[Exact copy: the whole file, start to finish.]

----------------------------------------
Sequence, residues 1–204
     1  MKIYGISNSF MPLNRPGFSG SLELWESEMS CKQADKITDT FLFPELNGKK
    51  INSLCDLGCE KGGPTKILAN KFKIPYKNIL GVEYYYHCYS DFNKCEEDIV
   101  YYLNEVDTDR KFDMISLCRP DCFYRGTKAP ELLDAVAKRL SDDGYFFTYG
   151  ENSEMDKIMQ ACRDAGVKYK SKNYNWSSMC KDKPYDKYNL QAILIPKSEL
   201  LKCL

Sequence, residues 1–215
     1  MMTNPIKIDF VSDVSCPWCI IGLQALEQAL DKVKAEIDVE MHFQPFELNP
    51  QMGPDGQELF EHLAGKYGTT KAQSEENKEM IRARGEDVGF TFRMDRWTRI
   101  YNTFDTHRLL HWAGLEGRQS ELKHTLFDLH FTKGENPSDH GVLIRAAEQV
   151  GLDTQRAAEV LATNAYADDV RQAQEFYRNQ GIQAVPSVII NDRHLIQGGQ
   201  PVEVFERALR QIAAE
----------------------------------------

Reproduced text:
Sequence, residues 1–204
     1  MKIYGISNSF MPLNRPGFSG SLELWESEMS CKQADKITDT FLFPELNGKK
    51  INSLCDLGCE KGGPTKILAN KFKIPYKNIL GVEYYYHCYS DFNKCEEDIV
   101  YYLNEVDTDR KFDMISLCRP DCFYRGTKAP ELLDAVAKRL SDDGYFFTYG
   151  ENSEMDKIMQ ACRDAGVKYK SKNYNWSSMC KDKPYDKYNL QAILIPKSEL
   201  LKCL

Sequence, residues 1–215
     1  MMTNPIKIDF VSDVSCPWCI IGLQALEQAL DKVKAEIDVE MHFQPFELNP
    51  QMGPDGQELF EHLAGKYGTT KAQSEENKEM IRARGEDVGF TFRMDRWTRI
   101  YNTFDTHRLL HWAGLEGRQS ELKHTLFDLH FTKGENPSDH GVLIRAAEQV
   151  GLDTQRAAEV LATNAYADDV RQAQEFYRNQ GIQAVPSVII NDRHLIQGGQ
   201  PVEVFERALR QIAAE